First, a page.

We have put up decorations and a tree. We’ve lit candles and wrapped presents. Our countertop is stacked with tins of Christmas cookies. But even though we’re the kind of family that sings carols at the piano most nights, what echoes around our empty house after I put my son to bed often feels too dark and too cold to name. I find it lurking in the most unexpected places: Oakley’s orange tennis ball wedged under the bottom edge of my desk. An opened bag of decaf coffee I have to keep reshuffling in the pantry now that I’m back to drinking caffeine. Google autofill offering me “how to help a toddler understand death.” 

Grieving, therapists say, is like breathing. The more we fight it or pretend that we don’t need to do it, the more we are in danger of suffocating. Why, then, I wonder, are so many of us, myself included, fighting not to breathe? There are no ventilators for the writer’s soul; if we are to survive this time, if we are to live through it and write it for a world that desperately needs our words, we must freely allow ourselves to breathe. To grieve.

I wish that I could offer you a list of easy solutions, but I’m not a grief therapist. Far from it: I’m a writer, and there are times when I’m not sure that words could ever speak to what I’m feeling. In those moments, when my faith in this craft of ours falters, I feel darkness settle like a funeral pall over my head. Instead, what I have is this small lesson I have been sharing with my son: night always ends. Grief will ebb, eventually. The darkness will shrink back at the first blush of dawn, and spring will return. We will slowly trade our wool wrappings for summer linen, our candlelit vigils for days of lying in sun hot enough to burn, our tears for laughter and song.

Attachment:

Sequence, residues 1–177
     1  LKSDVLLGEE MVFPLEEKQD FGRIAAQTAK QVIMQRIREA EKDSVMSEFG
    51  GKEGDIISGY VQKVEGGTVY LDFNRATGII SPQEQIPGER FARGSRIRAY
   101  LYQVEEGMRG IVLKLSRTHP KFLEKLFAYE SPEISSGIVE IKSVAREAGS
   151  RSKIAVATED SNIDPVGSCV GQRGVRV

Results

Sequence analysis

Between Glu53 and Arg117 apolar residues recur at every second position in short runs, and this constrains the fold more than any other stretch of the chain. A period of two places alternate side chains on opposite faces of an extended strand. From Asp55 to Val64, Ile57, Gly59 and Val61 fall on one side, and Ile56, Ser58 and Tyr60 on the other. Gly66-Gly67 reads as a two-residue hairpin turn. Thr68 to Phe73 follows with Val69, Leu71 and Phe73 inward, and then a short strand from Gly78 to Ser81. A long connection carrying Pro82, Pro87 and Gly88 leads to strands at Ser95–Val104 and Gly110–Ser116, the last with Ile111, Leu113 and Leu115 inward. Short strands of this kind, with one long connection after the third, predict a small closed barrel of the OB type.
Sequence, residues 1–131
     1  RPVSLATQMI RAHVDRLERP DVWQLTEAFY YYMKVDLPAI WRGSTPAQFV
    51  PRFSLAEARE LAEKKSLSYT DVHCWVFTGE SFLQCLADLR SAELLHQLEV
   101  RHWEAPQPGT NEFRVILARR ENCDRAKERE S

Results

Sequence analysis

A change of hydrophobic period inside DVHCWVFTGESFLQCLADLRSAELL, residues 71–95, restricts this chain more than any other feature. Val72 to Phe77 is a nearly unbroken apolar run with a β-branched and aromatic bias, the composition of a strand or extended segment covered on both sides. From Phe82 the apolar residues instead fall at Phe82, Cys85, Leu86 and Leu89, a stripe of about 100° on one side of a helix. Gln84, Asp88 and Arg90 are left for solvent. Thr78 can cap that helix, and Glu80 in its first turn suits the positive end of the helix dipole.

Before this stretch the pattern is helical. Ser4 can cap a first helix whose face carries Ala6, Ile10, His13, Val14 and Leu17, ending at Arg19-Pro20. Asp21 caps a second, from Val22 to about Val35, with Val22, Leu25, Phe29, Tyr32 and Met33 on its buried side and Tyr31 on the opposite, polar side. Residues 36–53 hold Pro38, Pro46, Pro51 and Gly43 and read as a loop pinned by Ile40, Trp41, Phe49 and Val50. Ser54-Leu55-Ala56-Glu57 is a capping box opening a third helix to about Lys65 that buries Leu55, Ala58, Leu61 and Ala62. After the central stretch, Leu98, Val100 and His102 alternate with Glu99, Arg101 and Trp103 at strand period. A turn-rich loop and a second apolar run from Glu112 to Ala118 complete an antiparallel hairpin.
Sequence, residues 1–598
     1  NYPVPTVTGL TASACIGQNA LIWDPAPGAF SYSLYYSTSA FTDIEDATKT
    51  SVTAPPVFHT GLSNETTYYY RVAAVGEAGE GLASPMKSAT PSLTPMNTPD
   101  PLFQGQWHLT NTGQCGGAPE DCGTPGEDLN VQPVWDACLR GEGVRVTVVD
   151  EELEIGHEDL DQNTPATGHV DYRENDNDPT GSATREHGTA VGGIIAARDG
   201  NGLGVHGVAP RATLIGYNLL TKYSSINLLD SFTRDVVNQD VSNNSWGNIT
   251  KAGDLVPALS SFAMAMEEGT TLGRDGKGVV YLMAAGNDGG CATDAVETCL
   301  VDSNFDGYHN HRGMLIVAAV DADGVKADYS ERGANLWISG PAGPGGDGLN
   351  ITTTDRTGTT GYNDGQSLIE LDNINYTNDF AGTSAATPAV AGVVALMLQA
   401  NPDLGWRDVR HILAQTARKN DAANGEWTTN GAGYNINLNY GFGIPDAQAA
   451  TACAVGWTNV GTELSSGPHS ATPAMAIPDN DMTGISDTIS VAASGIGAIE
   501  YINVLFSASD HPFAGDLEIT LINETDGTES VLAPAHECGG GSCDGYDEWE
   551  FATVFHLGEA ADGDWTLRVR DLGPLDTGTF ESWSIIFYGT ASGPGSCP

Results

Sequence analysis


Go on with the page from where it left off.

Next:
What we do in the meantime, in the longest, darkest moments of our writerly lives, matters. I don’t think we should expect less of our writing; we should expect more. More of all the things that are most stubborn and broken and human and difficult. Perhaps if we can allow ourselves that, we might finally see that our imperfections are beautiful for their own sake, that they have always been what gives our work its life and its power. If we are to make art that matters, we have to keep breathing, even if it means allowing the weight of the year to settle into us, even if it means letting our minds drift from project to project to no project at all, even if it means that we lose a little of our polish and our poise and our productivity to the wilderness of grief. Remember: grief isn’t a problem to overcome. It’s a byproduct of having loved what we no longer have, and it might be our most precious and profoundly human quality.

Grieving, then, isn’t a concession to our humanity. It is at the very heart of our humanity. 

Today is the literal turning point of the year: the moment when, finally, the days will begin to lengthen. At first, those fractional slivers of extra light will go unnoticed. For months, the world will still feel far too dark and too cold. But someday soon, sooner than we dare hope, there will come a day for each of us when we recognize that we are emerging from darkness, when the warmth of the sun will welcome us back to a new kind of normal. What we bring with us — the work on the page and the work done deep inside — will burn far brighter than we ever could have imagined in the midst of this long night.

Leah Sumrall

Leah Sumrall, a speechwriter-turned-novelist from coastal Virginia, is phoebe’s Blog Editor. She is currently pursuing her MFA in Fiction at George Mason University. Catch her on twitter @leahsumrall.